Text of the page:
The U.S. House of Representatives passed two spending packages that boosted funds for both the FDA and the NIH, but device and generic drug makers saw other benefits. The House legislation would allow makers of biosimilars and generic drugs to sue brand names for blocking access to the index article, but also repealed the medical device tax, a change that would bolster development of the novel therapies that are the industry’s lifeline.

Both spending bills carry numerous provisions related to the health care economy and will go to the Senate for passage, hopefully before the government runs out of money Dec. 20. The bills encompass $1.4 trillion in federal government spending and would wrap up any spending concerns related to the fiscal 2020 cycle, assuming the Senate agrees to the legislation and President Trump concurs.

Device tax suspension soon to expire

The 2.3% tax on medical devices was part of the Affordable Care Act but was not in force in the previous four years due to congressional intervention. The latest suspension is set to expire at the end of the current calendar year, and device makers have warned that the reimposition of the tax would disproportionately affect the smaller companies that provide most of the groundbreaking devices.

Device makers immediately sounded off on the news of the passage of the House legislation, with Mark Leahey, president and CEO of the Medical Device Manufacturers Association calling the passage “a tremendous victory for the tens of millions of patients who rely on the cures and therapies provided by our industry every day.” Leahey also said, “thanks to the collective passion of a broad coalition of stakeholders, today this punitive policy is set to be repealed once and for all.”

Scott Whitaker, president and CEO of the Advanced Medical Technology Association, said the House vote “is a huge win for American patients,” adding that device makers can now “focus on developing the next generation of treatments and cures.” Whitaker added, “we look forward to the Senate’s vote and are confident it will send this important legislation on to the President for his signature.”

Also on the chopping block with the medical device tax is the so-called Cadillac tax, a 40% hit on employer-sponsored, premium health plans that was intended to discourage excess health care spending by enrollees in those plans. The House of Representatives had voted 419-6 in July to repeal the Cadillac tax, and legislation has been making the rounds to repeal the health insurance tax as well. That tax, like the Cadillac and device taxes, was part of the Affordable Care Act (ACA).

The device tax was generally predicted to bring in more than $2 billion a year, while the health insurance tax was expected to bring in $150 billion to $200 billion over 10 years. The loss of the Cadillac tax is generally pegged at roughly another $200 billion, making the loss of these three revenue streams a substantial hit to the ACA’s funding provisions.

Spending at the NIH would be boosted by $2.6 billion under the terms of the House legislation, bringing the total to slightly less than $42 billion for fiscal 2020. Of that sum, $50 million would go toward President Trump’s Childhood Cancer Data initiative, while the All of Us program would receive $500 million. The Brain Research through Advancing Innovative Neurotechnologies, or BRAIN Initiative, would likewise receive $500 million, while the Cancer Moonshot program would take in $195 million.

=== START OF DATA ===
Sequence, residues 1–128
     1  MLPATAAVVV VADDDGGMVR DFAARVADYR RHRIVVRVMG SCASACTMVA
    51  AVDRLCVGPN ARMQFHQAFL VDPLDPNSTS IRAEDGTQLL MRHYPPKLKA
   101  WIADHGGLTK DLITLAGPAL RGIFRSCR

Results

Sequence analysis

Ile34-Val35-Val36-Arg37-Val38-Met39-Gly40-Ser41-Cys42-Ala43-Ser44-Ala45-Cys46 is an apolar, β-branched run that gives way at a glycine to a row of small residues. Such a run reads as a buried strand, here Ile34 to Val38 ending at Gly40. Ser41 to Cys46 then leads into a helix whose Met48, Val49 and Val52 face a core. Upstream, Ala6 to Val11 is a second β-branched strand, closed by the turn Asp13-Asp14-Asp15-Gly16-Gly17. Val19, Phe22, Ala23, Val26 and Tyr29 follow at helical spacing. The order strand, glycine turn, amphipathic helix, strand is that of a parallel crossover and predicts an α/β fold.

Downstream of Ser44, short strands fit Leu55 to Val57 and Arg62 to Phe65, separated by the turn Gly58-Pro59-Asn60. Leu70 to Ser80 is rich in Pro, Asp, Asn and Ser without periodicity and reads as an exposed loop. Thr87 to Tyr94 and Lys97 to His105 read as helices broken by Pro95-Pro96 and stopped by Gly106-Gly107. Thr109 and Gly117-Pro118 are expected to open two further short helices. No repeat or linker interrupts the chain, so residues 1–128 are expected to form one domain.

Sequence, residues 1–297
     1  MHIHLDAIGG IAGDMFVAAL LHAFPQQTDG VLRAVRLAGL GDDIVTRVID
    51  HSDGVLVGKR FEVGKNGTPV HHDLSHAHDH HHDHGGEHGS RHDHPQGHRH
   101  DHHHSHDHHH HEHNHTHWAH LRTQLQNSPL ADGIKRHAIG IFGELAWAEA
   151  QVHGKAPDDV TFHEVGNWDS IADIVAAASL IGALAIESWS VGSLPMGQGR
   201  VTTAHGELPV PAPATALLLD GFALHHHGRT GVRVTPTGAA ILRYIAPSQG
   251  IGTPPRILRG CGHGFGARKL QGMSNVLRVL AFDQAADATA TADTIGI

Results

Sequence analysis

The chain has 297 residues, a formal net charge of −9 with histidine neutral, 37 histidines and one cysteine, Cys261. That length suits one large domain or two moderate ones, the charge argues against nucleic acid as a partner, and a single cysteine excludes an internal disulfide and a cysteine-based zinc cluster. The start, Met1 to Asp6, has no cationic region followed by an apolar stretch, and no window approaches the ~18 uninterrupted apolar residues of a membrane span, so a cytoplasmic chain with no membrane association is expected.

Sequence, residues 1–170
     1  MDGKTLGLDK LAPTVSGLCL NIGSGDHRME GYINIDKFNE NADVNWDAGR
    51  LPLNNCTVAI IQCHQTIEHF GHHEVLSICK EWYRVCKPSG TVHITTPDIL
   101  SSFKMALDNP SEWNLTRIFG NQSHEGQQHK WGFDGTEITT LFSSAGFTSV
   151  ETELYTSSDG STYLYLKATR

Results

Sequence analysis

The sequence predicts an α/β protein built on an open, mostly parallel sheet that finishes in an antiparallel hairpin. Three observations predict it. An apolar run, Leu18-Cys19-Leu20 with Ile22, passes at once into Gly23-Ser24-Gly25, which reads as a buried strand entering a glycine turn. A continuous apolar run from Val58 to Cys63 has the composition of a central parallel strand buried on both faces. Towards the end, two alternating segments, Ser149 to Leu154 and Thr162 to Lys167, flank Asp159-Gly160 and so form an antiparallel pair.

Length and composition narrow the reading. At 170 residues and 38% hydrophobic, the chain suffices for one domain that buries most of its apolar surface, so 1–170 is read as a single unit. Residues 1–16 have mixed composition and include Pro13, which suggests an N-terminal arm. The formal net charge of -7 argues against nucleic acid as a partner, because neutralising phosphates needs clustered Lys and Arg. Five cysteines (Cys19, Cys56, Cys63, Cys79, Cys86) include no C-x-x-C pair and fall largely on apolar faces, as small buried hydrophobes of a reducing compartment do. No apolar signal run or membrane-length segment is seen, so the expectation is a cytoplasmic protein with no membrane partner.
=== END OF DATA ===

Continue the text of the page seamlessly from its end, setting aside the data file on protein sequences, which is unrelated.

The FDA would receive an increase of $91 million in discretionary monies, bringing that figure to $3.16 billion, not including user fees. That sum falls toward the low end of the difference between the figures proposed by the House and Senate earlier this year. The House had offered to boost FDA monies by about $184 while the Senate’s offer was a relatively meager increase of $80 million.

CREATES Act would save $3.7B

The legislation encodes the Creating and Restoring Equal Access to Equivalent Samples (CREATES) Act, which has the backing of Senate Finance Committee chairman Chuck Grassley (R-Iowa) and Senate Appropriations Committee chairman Pat Leahy (D-Vt.). The legislation debuted in the 115th Congress but struggled to move past committee action in 2018.

Grassley and Leahy said in a Dec. 16 statement that their constituents had complained about the cost of drugs and biotech products, but also noted that the Congressional Budget Office calculated that the change would shave $3.7 billion off the federal deficit over 10 years.

The legislation adds a tweak of considerable interest for the pharmaceutical industry in that it would give brand-name drug makers 12 years of marketing exclusivity for drugs that are manufactured from synthesized polypeptides. Section 605 of H.R. 1865 would amend the Public Health Service Act by removing the exclusion for chemically synthesized polypeptides from the definition of a biologic. This provision would effectively expand conventional drug exclusivity another seven years from the five currently enjoyed by the affected pharmaceuticals.

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